Glass ceiling higher, as usual, for female filmmakers

Glass ceiling higher,  as usual, for female filmmakers

 Women in the film industry have to be thick-skinned to make it big, women directors said in the session on ‘Women Power in the Film Industry’ at Biffes.

“The white male dominates the industry. Then comes probably the black man, white woman and the black woman is at the bottom. That means I have double the trouble,” director Priscilla Anany said. However, there is a positive side to this challenge, she said. “If you push back and fight for what you want, and you make it, you are praised more as a minority.”

Anany is a US citizen originally from Ghana in West Africa. Her film ‘Children of the Mountain,’ about a Ghanaian woman who is blamed for delivering a deformed child, was premiered at the Tribeca Film Festival 2016 and won an award there.

“If a man makes one good film and wins an award, he is set in his career. He will get investors with ease. But for a woman, one movie is not enough. She has to repeatedly prove herself before she can find a producer who will trust her,” she said.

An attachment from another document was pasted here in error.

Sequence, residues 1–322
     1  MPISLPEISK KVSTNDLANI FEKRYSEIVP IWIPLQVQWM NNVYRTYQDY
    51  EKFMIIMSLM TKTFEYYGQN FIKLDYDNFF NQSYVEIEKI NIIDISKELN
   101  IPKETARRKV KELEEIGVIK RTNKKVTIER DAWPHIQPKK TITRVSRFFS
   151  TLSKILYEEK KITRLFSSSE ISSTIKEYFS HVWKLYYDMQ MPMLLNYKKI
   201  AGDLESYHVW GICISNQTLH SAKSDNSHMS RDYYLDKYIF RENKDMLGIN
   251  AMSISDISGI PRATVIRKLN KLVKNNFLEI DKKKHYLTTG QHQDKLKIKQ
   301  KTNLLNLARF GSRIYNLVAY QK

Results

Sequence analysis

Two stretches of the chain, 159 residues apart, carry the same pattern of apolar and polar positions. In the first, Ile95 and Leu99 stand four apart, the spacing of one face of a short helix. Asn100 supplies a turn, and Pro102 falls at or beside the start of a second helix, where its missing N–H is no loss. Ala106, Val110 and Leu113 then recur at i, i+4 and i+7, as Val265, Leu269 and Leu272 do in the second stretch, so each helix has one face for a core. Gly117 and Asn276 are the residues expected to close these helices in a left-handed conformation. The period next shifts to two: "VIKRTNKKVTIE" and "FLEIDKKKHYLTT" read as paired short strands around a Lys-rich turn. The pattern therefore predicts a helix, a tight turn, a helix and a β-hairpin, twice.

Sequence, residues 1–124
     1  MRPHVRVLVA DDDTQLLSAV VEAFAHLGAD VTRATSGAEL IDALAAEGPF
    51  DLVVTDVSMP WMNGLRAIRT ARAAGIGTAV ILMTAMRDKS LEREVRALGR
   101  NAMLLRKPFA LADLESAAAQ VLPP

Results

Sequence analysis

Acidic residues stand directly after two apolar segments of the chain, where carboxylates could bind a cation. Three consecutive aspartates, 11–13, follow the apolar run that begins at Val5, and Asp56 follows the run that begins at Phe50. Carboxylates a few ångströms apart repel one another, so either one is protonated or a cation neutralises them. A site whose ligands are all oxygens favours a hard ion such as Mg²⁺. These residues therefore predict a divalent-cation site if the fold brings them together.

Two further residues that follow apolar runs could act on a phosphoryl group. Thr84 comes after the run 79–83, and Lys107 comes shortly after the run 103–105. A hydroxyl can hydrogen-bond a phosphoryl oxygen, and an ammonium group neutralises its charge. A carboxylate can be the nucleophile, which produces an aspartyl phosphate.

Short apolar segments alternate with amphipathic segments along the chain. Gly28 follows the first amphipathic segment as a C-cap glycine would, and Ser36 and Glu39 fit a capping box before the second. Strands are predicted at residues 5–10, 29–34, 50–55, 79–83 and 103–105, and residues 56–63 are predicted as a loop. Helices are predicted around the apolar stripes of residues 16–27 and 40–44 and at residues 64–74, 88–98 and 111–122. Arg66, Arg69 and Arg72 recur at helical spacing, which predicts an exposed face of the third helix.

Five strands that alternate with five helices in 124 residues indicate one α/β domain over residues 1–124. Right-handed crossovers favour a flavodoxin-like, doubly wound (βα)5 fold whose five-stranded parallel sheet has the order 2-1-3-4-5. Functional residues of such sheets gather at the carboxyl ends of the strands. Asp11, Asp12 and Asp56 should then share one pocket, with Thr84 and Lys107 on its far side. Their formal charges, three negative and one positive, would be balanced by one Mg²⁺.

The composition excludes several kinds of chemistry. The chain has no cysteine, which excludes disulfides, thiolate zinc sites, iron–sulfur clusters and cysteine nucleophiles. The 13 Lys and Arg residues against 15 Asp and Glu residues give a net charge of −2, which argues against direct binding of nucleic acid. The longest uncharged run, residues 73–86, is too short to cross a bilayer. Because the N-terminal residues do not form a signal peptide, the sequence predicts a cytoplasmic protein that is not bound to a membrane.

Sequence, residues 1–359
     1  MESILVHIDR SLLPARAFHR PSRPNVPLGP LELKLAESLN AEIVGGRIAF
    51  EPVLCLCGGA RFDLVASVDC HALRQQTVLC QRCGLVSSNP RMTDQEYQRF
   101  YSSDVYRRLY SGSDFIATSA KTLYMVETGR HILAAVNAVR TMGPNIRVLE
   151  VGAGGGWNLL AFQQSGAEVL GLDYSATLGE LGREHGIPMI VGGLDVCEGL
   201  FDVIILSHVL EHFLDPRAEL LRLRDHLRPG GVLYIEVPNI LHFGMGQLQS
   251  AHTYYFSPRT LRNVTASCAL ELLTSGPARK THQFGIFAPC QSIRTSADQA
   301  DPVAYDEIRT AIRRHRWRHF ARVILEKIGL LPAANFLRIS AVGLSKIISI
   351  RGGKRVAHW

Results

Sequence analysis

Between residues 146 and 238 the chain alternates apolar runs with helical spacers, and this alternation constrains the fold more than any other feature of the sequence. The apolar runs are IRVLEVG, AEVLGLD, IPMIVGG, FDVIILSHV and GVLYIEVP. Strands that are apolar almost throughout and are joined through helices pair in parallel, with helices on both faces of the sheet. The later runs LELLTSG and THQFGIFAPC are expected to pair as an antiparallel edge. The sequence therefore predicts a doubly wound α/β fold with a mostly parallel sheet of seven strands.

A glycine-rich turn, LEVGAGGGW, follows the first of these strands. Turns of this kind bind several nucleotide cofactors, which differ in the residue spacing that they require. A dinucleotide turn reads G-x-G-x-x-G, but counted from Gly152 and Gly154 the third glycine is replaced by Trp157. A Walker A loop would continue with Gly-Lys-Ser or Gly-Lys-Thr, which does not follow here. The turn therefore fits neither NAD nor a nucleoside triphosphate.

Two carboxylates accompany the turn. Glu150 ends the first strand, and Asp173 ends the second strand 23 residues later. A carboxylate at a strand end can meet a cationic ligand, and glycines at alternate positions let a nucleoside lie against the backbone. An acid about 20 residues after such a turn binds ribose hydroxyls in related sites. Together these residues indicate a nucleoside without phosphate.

The situation in India is similar, said Kannada director Kavitha Lankesh.
“Here, the industry lacks professionalism and producers do not trust women with money,” she said. After being a filmmaker for over 15 years, finding someone to invest in an idea she believes in is tough. “Sometimes, I get so furious and think that I should just quit.

It is tough for men too, but doubly so for women.” Lankesh said that in her movies, she is sensitive about the way women are depicted, making sure that it is not vulgar. Women in the industry, unfortunately, do not support each other, she added.

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